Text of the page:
According to the American Heart Association, medical conditions such as diabetes, hypertension and sickle-cell anemia are more likely to afflict blacks than any other race.
What's worse is that these conditions often lead to an even bigger and often fatal problem: strokes. In fact, blacks are twice as likely to die from a stroke than white people, and about 50 percent of black women will die either from a stroke or heart disease.
Luckily, these risks can be severely reduced with a few tweaks to one's everyday lifestyle. At 5 p.m. Saturday, Fairview Missionary Baptist Church at 1700 N.E. Seventh will bring stroke risks and solutions to the spotlight with a free Power to End Stroke Gospel Fest, complete with health screenings and informational brochures.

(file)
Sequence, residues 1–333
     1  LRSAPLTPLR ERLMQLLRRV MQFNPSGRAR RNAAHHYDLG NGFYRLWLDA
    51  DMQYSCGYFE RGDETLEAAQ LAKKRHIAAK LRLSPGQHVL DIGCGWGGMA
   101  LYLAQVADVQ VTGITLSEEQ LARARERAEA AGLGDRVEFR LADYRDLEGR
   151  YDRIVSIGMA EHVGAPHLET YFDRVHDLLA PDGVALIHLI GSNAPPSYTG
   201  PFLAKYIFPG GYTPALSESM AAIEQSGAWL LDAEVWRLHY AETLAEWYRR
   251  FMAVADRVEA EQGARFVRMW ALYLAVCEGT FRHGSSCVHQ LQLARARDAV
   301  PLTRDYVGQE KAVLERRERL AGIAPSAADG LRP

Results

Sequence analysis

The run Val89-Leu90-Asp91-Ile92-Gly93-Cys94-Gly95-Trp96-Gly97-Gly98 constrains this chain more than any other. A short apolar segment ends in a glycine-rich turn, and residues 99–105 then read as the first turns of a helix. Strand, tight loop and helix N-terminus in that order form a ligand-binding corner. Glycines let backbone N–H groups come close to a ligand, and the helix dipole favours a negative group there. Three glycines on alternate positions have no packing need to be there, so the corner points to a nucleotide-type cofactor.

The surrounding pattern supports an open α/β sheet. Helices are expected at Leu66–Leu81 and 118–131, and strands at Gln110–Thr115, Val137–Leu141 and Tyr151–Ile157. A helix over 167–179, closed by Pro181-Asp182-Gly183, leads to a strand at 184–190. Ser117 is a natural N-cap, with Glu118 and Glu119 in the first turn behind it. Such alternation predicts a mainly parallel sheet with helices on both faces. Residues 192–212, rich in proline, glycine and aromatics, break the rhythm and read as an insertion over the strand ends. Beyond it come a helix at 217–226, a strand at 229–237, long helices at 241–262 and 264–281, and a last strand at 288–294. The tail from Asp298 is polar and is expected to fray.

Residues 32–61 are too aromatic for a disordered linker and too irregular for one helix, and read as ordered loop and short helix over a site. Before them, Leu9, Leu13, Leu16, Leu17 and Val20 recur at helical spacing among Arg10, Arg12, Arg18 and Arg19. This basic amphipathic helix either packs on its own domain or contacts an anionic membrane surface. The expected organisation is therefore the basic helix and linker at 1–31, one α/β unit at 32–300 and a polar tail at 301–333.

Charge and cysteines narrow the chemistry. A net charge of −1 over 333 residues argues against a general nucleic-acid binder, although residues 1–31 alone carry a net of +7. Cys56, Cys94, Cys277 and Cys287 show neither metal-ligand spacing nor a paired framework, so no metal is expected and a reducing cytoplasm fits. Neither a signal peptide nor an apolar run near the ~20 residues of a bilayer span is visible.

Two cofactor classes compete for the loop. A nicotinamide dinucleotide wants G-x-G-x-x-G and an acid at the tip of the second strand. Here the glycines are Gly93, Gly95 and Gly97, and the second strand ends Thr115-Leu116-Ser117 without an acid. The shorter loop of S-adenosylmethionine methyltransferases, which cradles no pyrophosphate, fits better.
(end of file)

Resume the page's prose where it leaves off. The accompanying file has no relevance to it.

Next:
Bobby Jones, producer of "Bobby Jones Gospel" for cable's Black Entertainment Television, will host the event. Eight gospel choirs from across Oklahoma will offer inspiring music, and participants can take tests for blood pressure, cholesterol, sickle-cell anemia and more. In addition, a panel of doctors and dietitians will provide counseling for those at risk.
As a primer for Saturday's event, here are a few things you can do to reduce your risks:Have your blood cholesterol and blood sugar levels checked regularly. Exercise regularly. Thirty minutes a day for five days a week is ideal. Maintain a healthy diet. Finally " and this is a big one " if you smoke, quit as soon as possible.
For more information, call 948-2120. "Jake Dalton